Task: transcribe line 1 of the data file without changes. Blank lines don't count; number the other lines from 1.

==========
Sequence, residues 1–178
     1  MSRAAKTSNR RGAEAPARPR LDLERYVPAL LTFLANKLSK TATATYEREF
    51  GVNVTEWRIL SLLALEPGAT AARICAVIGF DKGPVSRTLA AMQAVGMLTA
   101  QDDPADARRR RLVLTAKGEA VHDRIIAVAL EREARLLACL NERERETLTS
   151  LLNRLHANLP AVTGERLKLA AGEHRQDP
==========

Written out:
Sequence, residues 1–178